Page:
Comment by Maury | November 5, 2009

    3. Did the author forget about nuclear? How convenient.

      Comment by KingofKaty | November 5, 2009

    4. King is absolutely right. When a so-called "expert" ignores the only available non-fossil technology which can be scaled up to supply the huge level of power required by human society, it calls into question everything else the aforesaid "expert" wrote.The fact that this "expert" pays lip-service to the unscientific nonsense of Alleged Anthropogenic Global Warming only reinforces the view that he should be totally discounted.

      Comment by Kinuachdrach | November 5, 2009

    5. The ultimate answer my dear friends lies in fusion power.Clean and abundant, but (unfortunately) so far not technically possible.Of all the things we could put R&D money into, fusion offers by far the best way to shape the future for the good.Once we cross the threshold of making fusion power a practical reality, our energy problems will become a trivial concern.(Now, if someone could just figure out a practical way to make those di-lithium crystals they used on Star Trek.) 😉

      Comment by Wendell Mercantile | November 5, 2009

    6. Fusion will be the ultimate answer, but we need not wait until then. We can build the next generation of fission reactors, then move on to a thorium cycle. Before someone mentions it, yes, nuclear is expensive. Environmental opposition certainly plays a role in making it expensive. But why is 8 cents/kWh nuclear expensive, and a reason not to do it, but 10cents/kWh wind or 15 cents/kWh solar – heavily subsidized – a good idea? BTW – I'm STILL waiting for my $1/W solar panels.

      Comment by KingofKaty | November 5, 2009

    7. Maybe nuclear wasn't mentioned,because it's not for everyone. I can think of a dozen countries I hope never even dream of nuclear capabilities. Iran and North Korea are giving the world fits with their nuclear desires today. I don't like nuclear power. But,I'd rather use nuclear than burn fossil fuels in a peak oil world. Until acceptable biofuels come about,or transportation fleets switch over to batteries,CTL and GTL will have to take up much of the slack. The only way to do that without dumping more CO2 into the air is to cut back on fossil fuels used for electricity. Reality bites.

      Comment by Maury | November 5, 2009

    8. Hold the phone! Our problems are solved. EarthSure AirRay Auto, the car oil companies don't want you to know about! Gee, why didn't I think of that. Just put wind turbines on the front and back of the car and you can generate power while you drive. Genius! Apparently, looking at the videos, this car even drives itself. Where do I sign up?

      Comment by KingofKaty | November 5, 2009

    9. Actually, THIS is where a large part of our energy is going to come from. Poet Field Day

      Comment by rufus | November 5, 2009

    10. I agree with the powerful intellects of King and Kinu.This is a nice essay, but the author, Paul Winstanley, seems oblivious to nukes and the price signal.We can build more nukes, and have been for 50 years. France and Japan are in fact nuking up. This is not some exotic technology.The price signal will dampen demand for fossils. If fossil fuels become too expensive, people will conserve or switch. OPEC has a real problem on its hands–either make sure your product is cheap and plentiful, or watch the world pass you by. This is yet another well-written essay, yet rests upon faulty premises, and thus leads to hysteria. Nukes, CNGs, PHEVs and the price signal. I just don't think hysteria is justified.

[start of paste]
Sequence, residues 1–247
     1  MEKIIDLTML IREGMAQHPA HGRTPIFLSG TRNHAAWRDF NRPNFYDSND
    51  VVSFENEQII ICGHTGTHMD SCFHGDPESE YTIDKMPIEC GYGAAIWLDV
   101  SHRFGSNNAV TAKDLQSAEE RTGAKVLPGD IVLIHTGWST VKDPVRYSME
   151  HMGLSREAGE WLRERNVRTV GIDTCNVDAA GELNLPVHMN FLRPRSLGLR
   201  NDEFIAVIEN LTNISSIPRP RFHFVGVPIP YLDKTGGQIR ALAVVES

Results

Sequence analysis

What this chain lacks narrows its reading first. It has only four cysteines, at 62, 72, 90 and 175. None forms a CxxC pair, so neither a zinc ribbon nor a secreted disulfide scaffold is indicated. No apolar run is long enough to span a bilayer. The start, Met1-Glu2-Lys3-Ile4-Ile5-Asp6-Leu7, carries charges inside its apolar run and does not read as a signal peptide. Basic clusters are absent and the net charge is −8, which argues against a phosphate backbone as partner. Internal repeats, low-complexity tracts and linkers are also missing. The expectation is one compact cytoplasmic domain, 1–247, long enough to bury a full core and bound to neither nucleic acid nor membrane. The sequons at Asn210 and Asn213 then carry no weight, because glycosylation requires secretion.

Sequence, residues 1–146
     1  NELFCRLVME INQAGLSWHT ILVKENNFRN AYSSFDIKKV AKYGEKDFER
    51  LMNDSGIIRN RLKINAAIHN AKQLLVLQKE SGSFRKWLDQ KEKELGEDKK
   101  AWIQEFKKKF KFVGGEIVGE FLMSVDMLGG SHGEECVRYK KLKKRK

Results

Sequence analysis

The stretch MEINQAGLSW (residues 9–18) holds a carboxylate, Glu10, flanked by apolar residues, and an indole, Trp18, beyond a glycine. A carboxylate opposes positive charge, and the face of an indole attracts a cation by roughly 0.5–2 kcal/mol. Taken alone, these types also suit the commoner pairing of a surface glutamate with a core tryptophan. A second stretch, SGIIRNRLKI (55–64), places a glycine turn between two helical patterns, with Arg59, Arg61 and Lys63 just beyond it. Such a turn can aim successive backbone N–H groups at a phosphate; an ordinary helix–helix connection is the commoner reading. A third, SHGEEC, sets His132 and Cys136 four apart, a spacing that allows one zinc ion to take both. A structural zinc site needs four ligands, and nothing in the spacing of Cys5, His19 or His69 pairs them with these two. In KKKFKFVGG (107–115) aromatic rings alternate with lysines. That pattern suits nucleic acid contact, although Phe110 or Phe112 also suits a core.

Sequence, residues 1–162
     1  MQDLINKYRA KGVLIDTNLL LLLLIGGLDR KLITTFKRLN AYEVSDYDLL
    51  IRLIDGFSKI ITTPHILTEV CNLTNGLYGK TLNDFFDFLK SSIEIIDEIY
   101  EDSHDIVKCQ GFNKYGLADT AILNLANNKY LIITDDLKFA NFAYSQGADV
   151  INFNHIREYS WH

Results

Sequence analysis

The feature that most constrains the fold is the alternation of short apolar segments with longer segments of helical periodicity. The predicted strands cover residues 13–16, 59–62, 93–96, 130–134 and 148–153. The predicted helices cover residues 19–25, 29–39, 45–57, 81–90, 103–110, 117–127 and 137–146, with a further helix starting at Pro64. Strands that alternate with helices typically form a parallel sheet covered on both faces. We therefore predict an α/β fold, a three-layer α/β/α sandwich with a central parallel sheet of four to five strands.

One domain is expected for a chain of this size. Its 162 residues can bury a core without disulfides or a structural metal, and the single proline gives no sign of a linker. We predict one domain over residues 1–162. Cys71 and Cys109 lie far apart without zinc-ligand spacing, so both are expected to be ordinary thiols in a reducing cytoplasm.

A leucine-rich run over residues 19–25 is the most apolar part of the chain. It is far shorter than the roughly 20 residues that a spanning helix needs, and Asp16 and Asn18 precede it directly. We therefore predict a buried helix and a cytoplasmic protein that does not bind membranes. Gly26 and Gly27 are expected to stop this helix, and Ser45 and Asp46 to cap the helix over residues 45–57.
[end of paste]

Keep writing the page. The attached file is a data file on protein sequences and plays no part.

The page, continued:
Comment by Benny "Boom, No Doom" Cole | November 5, 2009

    11. Thank you, Paul Winstanley, for pointing out that these issues are much too complex for prostitutians and bureaucrats to get right. So enough, already! Cut out ALL subsidies, and let the various fuels slug it out in the market place. You got a biofuel winner? Put him in the ring, and we'll see soon enough.Concerned about the environment? Hate to rain on Al Gore's parade, but there are engineered solutions for that, even for energy hogs like him. Much cheaper than trying to eliminate carbon from our diet, according to some.To the disciples of Peak Oil: Economics 101: In a Free Market there is no shortages, just high (and sometimes volatile) prices. 2008 will be back…

      Comment by Optimist | November 5, 2009

    12. Never trust anyone who uses 'conundrum' in sentence. Ditto: – hitherto – whilst – amelioration“This paper has made the case that the future energy conundrum is complex and highly interdependent and the continued availability of fossil fuels needs to be considered along with the introduction of credible alternatives whilst ameliorating environmental damage.”Producing energy and protecting the environment is not that complex of a problem. We do it every day. I can assume that there will still be universities in 2050 who teach engineering and do not like that. “Did the author forget about nuclear? How convenient.” When I am reading about energy and my BS meter pegs high I stop and search for the word 'nuclear'. More often than not, complex difficult problems are more of an indication of the perceptions of the author than an actual complex difficult problems. “But why is 8 cents/kWh nuclear expensive, “ Because 2 cents/kWh nuclear is what current amortized nukes are making electricity for. Let me go out on a limb for 2050. The expensive nukes will be cheap nukes in 20 years and then keep running for 40 more years.